The One Reason Avisail Garcia Is Still With The Miami Marlins

The odds of Avisail Garcia being with the Miami Marlins on Opening Day remain high, even if the organization is anything but high on the prospects of his regaining anything close to his All-Star form.
Miami Marlins v Los Angeles Dodgers - Game Two
Miami Marlins v Los Angeles Dodgers - Game Two / Harry How/GettyImages

Once upon a time...Miami Marlins outfielder Avisail Garcia was an All-Star.

Consequently, in a sport that relies more heavily than any other on statistics, there is always the chance of Garcia regaining that form, and the odds of a player who has performed at that level before can sometimes feel greater than say, a non-roster invitee breaking through as an above replacement contributor.

Which is something Garcia has never been for the Miami Marlins. Not in 2022, not in 2023, and almost assuredly not in 2024. Yet in the system he remains. And despite the fact he only has one hit this spring and had the same negative WAR last season as Jacob Stallings, a player the Marlins have already moved on from, he will almost certainly be on the Opening Day roster to kick off the 2024 season.

Why? Because new President of Baseball Operations Peter Bendix is fervently hoping that someone, anyone, will eat part of onerous $29 million remaining on his Marlins contract.

This is the point where I stress the use of the word part, so as to avoid stating the patently obvious. Ever since...well probably ever since the second month of Garcia's Marlins tenure, the pipe dream has been floated of moving the entire contract. Then those dreams shifted from unloading the bulk of his salary to merely swapping him out for an almost equally bad contract on another club, and hoping for some change of scenery magic.

No longer.

At this point? All Peter Bendix can possibly be hoping for is that someone, for some reason, agrees to cover enough of Garcia's pay for two years of Tristan Gray or Troy Johnston.

That's really it. Bendix was brought in to preside over and ultimately replace Kim Ng because of Miami Marlins owner Bruce Sherman's trauma from the double whammy of Avisail Garcia being terrible and Jorge Soler not opting out after 2022 as originally intended. Really, just Garcia though. The big contracts have not worked. Nor have the layers and layers of talent in the minors promised and prophesied by former team president Derek Jeter- the man responsible more than anyone else for Garcia's presence on the Marlins roster. All of which means that the best, most Rays-tastic thing that Bendix could relieve his new organization of the albatross of a contract that precipitated his hiring in the first place. More to the point, doing so without having to attach multiple top prospects as an enticement.

Again, that's the dream. Avisail Garcia hitting .800 the rest of the spring, cranking off 8 HRs in April, and being flipped to a surprise contender with money to burn for a player to be named later and a bucket of baseballs. Such a feat might buy Bendix two years of job security at a minimum, provided he plays nice with the rest of Sherman's money going forward.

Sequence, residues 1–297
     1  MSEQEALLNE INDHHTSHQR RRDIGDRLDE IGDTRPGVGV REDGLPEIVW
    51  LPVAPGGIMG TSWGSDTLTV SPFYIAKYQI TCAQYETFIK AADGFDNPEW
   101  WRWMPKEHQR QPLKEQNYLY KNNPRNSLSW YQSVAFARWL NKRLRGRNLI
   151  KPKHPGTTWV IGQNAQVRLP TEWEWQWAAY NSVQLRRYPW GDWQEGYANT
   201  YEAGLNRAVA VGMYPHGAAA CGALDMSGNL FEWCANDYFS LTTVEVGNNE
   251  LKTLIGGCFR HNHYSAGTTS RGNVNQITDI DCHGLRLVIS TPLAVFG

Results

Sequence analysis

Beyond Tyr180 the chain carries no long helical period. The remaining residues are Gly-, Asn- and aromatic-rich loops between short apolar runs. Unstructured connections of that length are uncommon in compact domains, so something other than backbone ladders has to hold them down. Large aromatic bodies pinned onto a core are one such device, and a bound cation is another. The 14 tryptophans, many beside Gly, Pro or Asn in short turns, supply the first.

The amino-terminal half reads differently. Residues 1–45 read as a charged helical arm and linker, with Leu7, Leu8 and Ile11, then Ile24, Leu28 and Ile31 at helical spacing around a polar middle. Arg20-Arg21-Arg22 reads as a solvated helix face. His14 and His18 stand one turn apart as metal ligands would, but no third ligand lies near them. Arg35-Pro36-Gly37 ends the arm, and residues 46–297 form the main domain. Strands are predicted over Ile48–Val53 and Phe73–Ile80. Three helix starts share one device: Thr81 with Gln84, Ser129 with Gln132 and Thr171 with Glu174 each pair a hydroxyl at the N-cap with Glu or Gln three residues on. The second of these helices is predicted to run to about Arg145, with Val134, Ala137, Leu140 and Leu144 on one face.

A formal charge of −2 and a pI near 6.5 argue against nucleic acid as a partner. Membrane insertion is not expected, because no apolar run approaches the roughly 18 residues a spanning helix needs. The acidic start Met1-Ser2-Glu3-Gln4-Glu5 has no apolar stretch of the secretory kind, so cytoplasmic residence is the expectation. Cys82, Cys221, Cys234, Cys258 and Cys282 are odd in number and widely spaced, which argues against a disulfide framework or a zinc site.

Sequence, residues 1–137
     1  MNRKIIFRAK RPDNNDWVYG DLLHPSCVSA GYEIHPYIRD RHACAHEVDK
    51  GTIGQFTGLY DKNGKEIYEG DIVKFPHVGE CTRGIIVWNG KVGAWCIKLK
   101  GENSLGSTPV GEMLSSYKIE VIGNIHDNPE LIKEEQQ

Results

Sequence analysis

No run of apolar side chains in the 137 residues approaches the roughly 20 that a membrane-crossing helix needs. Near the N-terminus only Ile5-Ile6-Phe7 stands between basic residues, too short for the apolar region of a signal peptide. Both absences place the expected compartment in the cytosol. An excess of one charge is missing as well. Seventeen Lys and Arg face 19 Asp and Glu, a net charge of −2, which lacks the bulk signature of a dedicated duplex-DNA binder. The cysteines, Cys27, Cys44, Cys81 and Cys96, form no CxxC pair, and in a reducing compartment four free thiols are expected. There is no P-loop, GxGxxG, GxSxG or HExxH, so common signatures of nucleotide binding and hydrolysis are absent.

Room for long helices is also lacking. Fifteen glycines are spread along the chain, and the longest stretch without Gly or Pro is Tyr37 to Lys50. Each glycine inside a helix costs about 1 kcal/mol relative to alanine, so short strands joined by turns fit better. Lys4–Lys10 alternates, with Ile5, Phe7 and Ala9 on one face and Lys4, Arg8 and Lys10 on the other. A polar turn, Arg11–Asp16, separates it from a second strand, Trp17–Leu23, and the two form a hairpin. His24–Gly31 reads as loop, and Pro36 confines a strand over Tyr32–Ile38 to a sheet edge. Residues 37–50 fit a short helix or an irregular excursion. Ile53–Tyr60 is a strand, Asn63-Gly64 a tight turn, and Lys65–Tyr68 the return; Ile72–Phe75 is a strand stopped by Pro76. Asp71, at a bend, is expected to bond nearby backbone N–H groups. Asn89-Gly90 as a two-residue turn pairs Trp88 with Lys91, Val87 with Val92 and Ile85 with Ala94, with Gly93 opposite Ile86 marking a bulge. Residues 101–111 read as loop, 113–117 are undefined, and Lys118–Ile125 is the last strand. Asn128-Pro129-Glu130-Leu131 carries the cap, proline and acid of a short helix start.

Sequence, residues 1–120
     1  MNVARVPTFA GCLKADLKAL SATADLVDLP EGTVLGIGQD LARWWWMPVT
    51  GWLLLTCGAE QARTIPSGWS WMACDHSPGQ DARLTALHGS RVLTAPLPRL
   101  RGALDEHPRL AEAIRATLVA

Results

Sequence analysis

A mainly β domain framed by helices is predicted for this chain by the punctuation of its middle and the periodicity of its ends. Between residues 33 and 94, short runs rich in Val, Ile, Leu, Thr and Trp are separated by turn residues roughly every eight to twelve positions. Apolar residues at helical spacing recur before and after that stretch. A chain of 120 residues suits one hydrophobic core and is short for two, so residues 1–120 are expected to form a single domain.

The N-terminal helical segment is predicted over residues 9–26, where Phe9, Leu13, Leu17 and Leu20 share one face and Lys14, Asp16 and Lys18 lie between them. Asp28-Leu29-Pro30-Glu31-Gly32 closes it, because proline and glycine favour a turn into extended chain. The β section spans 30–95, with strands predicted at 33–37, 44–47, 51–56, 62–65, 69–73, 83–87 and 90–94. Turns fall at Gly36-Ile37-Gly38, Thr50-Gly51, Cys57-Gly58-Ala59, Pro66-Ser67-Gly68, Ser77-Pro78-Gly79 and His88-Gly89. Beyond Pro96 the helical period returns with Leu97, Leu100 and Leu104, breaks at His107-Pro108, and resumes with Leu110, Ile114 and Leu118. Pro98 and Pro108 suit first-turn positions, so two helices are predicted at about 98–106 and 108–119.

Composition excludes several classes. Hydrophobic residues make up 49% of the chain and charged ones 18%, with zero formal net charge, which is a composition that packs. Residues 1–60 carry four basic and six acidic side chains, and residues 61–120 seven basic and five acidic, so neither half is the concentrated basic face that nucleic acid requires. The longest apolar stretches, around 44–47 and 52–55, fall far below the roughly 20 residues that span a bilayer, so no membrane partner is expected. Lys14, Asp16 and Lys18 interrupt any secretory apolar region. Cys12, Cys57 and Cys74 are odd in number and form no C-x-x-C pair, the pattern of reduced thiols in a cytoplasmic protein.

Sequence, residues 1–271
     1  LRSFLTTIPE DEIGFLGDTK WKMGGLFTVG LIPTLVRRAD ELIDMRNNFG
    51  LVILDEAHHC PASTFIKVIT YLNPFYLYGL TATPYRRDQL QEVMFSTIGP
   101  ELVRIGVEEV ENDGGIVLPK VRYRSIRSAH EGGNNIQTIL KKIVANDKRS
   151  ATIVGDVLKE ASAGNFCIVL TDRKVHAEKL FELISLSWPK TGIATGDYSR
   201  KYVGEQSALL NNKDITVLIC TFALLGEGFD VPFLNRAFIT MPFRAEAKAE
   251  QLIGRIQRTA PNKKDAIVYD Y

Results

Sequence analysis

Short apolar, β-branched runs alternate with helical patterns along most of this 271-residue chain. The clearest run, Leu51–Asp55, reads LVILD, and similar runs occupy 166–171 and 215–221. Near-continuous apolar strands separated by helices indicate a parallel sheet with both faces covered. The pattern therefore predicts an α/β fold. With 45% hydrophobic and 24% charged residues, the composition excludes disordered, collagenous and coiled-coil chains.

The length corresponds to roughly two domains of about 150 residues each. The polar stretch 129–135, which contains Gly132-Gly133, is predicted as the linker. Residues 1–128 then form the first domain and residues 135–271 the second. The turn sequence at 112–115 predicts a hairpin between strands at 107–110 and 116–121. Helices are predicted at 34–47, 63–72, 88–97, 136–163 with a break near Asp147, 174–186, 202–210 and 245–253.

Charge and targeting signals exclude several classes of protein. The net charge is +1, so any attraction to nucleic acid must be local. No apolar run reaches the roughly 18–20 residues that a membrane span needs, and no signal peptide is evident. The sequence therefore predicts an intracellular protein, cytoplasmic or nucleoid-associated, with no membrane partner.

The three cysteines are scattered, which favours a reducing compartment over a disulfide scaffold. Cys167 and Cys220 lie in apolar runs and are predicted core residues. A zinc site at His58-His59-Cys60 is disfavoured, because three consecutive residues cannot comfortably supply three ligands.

Unfortunately, that dream is just that- a dream. Which moves things along to the next best thing for Bendix- making sure his new boss doesn't spend any more money on a replacement player for the below replacement value Garcia. If Garcia could just perform well enough in spring training and/or this April to entice some club into believing that maybe he's rediscovered something...and picking up even five to ten percent of that remaining $29 million tab.

In other words, just enough to pay the salary of the next man up.

It's unfortunate that it has had to come to this for Garcia and the Marlins. Not just because it has pretty clearly poisoned Sherman against long-term contracts in free-agency either, even though that does certainly sting. No, it's unfortunate because Garcia obviously does have talent within him. He never would have reached this point of being a well-compensated major leaguer without it, and it's reductionist in the extreme to say he was entirely a byproduct of American Family Field and the juiced ball era. Furthermore, he has been very open about owning up to the fact he expects more of himself and needs to improve. Injuries have also played a big part in all of this. Yet something is clearly broken here, and the surest path to fixing it is 500-600 at bats against MLB pitching. If it can be fixed, that is.

The only problem is that's a luxury a team trying to contend can't possibly afford to offer Garcia, whether he's making $15 or $15 million. It would be a tough pill to swallow even if he was a Gold Glove caliber defender, and it's an impossible one given how mediocre he actually is in that department. The Marlins will give him a chance to get back on track, but a far more fleeting one.

If that getting back on track hasn't happened by Mother's Day though? Don't be surprised if the Miami Marlins finally decide to cut bait on Avisail Garcia once and for all.

Edward Cabrera is ready to take the next step. dark. Next. Edward Cabrera is ready to take the next step